The strategies that have made Goya successful have allowed them to expand into other markets as well. For example, they now sell Indian and Chinese food, “in a bid to become the food company for all people new to America”. This has allowed them to position their brand as “a United Nations kind of label according to Bob Gorland, a supermarket consultant at Matthew P. Casey & Associates. He regards Goya, more than any other brand, as a section unto itself, much like the kosher aisle or natural foods area. As the general market becomes more interested in ethnic cuisines, Goya has positioned itself as the authentic option that you don’t have to rummage through ethnic markets to find. In other words, Goya is becoming white — which commercially, is a pretty unbeatable approach”.
This isn’t to say that Goya is becoming generic. Their whole distribution system runs contrary to the rest of the food industry. Most companies distribute their products directly to the warehouses of the major grocery store chains but Goya maintains their own warehouses and delivers directly to each individual store. Why? Because they recognize that each store serves a different demographic. “The staff researches local immigrant groups with the help of a business intelligence tool called Geoscape, as well as more enterprising techniques like hanging out at the local money transfer franchise to see where people are sending checks home to. That way, Goya knows how to stock exactly what Cubans or Salvadorans, or Peruvians are looking for, which creates brand loyalty”.
Macy’s successfully employed a similar hyper-local strategy with their stores as discussed in a previous LIC article here.
Life insurance companies may think their customers are safe from this form of encroachment. After all, there isn’t a recognized leader in Hispanic life insurance – yet. But this relief may be short lived. It’s evident that the companies who succeed at penetrating ethnic markets do so by employing the same strategies that are the foundation for success in any strategic initiative. The bicultural elements of The Principal’s Hispanic marketing strategy will most certainly have application to their retirement savings approach to all of their customers.
However, for an even clearer example, one only has to look at recent changes in the death care industry – the very heart of final expense and preneed life insurances companies!
Hispanics are grossly under-represented in the funeral industry. According to the American Board of Funeral Service Education Just 5 percent of the 1,589 U. S. mortuary school graduates in 2012 were Hispanic. By contrast, 17 percent of Americans are Hispanic. However, according to Francisco Sols, a mortuary science professor at San Antonio College, it is not necessary for a funeral director to be Latino to serve Latino families. You just have to have an awareness of the culture. A family is really looking not to have to explain their culture at the time of a funeral.
Hispanic death rituals are permeating the mainstream. According to a recent Wall Street Journal article titled No Bones About It: Day of the Dead is Finding New Life, Dia de los Muertos – Day of the Dead – is a Mexican tradition where on November 1 and 2, the heavens open and the souls of the dead return to earth. Their living relatives build altars with offerings of food, drink, and even sports memorabilia to entice them to come down, dine, and celebrate. The annual Day of the Dead celebration in Hollywood Forever Cemetery has grown from barely attracting 300 people in 1999 to an expected 35,000 in 2013. In addition to growing larger, each year the crowd is also more diverse with “Catholic, Filipinos, Jews, and Russian Orthodox building altars”. Corporate sponsors have also jumped on board. Nestle attempted to establish a Guinness World Record for the largest Day of the Dead altar in the US. Mattel has created a Skelita Calaveras doll for Day of the Dead. And Disney is planning a movie titled Day of the Dead with Pixar.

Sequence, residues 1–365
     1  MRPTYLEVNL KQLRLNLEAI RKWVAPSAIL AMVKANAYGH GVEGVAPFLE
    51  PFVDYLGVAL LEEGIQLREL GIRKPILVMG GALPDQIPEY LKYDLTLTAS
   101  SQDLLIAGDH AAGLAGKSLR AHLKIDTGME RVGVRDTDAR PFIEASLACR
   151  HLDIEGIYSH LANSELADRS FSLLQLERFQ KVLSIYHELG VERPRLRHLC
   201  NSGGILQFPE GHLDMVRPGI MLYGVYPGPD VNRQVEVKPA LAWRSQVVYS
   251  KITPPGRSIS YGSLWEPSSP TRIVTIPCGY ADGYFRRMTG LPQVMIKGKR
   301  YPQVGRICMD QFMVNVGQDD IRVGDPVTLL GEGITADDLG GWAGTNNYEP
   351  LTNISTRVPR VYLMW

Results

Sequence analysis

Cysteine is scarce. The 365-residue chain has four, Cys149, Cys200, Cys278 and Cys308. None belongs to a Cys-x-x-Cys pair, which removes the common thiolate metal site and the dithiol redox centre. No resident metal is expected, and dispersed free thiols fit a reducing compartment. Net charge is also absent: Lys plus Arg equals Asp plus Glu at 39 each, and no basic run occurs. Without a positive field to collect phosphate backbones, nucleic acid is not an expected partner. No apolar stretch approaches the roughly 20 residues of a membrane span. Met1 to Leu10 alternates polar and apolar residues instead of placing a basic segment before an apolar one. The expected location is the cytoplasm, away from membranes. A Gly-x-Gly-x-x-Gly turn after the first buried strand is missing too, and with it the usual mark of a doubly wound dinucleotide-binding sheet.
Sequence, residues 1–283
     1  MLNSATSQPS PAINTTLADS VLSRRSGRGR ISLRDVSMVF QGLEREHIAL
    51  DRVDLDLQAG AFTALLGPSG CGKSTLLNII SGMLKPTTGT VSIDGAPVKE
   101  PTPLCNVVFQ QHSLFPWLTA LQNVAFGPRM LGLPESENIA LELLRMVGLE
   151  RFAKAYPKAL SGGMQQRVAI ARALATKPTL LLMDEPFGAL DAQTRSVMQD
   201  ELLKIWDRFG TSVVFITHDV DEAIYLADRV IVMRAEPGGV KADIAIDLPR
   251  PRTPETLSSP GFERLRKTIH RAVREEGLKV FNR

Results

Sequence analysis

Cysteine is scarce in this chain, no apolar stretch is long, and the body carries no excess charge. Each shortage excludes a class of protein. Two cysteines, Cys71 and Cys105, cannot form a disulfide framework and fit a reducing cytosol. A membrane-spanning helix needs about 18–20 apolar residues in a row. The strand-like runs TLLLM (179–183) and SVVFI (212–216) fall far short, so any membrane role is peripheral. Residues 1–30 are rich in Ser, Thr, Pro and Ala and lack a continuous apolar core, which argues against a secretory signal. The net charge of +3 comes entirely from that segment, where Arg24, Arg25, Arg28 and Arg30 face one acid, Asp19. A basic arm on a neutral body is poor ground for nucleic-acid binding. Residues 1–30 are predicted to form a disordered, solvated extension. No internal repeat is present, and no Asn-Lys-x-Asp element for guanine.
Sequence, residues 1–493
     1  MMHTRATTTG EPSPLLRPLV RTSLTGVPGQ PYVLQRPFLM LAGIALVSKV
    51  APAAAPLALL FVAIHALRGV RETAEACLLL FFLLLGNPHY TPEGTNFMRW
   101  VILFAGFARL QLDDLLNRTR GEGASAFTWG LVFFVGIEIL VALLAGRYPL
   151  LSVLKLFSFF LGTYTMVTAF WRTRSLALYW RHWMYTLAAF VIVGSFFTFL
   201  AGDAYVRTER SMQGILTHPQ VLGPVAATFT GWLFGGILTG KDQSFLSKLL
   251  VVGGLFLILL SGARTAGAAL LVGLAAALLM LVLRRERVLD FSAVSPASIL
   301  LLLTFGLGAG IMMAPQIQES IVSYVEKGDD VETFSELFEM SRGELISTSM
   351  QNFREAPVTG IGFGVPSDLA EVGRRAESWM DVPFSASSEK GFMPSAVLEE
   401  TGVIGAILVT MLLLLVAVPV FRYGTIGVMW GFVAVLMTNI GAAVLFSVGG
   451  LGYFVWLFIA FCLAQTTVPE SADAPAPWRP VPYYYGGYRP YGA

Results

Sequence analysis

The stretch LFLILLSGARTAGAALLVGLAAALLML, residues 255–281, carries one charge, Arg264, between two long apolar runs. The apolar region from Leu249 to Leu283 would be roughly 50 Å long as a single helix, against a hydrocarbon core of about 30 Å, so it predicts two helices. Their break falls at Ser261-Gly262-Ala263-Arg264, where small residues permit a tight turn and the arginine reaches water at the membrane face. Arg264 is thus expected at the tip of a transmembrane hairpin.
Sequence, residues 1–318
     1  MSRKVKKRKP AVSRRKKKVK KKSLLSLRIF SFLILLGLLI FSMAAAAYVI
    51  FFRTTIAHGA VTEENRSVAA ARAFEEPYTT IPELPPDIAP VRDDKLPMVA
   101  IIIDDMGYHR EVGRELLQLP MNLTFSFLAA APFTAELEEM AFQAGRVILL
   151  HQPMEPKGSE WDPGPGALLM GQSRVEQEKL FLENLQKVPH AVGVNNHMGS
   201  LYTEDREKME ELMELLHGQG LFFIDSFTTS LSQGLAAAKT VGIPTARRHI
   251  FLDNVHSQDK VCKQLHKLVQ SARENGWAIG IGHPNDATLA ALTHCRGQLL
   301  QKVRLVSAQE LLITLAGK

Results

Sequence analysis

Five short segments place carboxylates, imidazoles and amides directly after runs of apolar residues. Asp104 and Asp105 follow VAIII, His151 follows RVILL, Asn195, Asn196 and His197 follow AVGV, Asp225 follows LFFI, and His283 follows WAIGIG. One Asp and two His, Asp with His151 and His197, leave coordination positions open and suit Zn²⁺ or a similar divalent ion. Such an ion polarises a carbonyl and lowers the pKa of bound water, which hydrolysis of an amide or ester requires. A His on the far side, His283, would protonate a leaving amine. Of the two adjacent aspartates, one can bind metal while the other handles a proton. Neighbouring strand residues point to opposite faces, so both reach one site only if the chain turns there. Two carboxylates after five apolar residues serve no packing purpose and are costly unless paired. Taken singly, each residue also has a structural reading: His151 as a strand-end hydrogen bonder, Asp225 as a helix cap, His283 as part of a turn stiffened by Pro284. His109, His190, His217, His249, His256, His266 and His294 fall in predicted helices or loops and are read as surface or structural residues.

Dorothy Petrich erected an alter in the trunk of her deceased father’s 1940 Cadillac LaSalle to display at a Day of the Dead celebration in Old Mission San Luis Rey that attracted 25,000 people. “People who stopped by the car engaged in lively conversation about the dead. They also learned about her dad and his car hobby, but also about her grandmother’s love of Wrigley’s Doublemint gum and the fact her husband’s grandmother was an early female graduate of the Cordon Bleu cooking school in France. This is about remembering the dead with fun instead of throwing them in a garden, crying, and then forgetting them”.
Event organizer, Maureen Sullivan, indicated “we stick to the traditional roots but give the event a mainstream twist. For example, a Mexican woman “smudged” attendees with a smoking bundle of herbs. Folkloric dancers with skeletal faces pranced on the stage. Children decorated candy skulls with icing”.
Life insurance companies who ignore the opportunity of the Hispanic market do so at their own peril. The marketing strategies being employed to attract Hispanic customers are just as effective at attracting the same customers your company has focused on. In addition, as Hispanic culture becomes more main stream, your regular customers are going to become even more attracted to the bicultural elements of Hispanic culture just as they have with Day of the Dead or Goya food.
In an industry defined by evaluating, managing, and protecting against risk, it may seem easier for companies to just stick with the comfort of their current strategies and markets if they are already working well for them. However, as Fusion’s programming chief Billy Kimball observed, “with 380 other cable channels out there, playing it safe has the most risk of all”.
Do life companies need to have a Hispanic marketing strategy in order to survive? No — but smart companies who employ a bicultural approach to their marketing will have a bigger advantage and pose a greater threat to those who don’t. And that is a fact that translates into any language.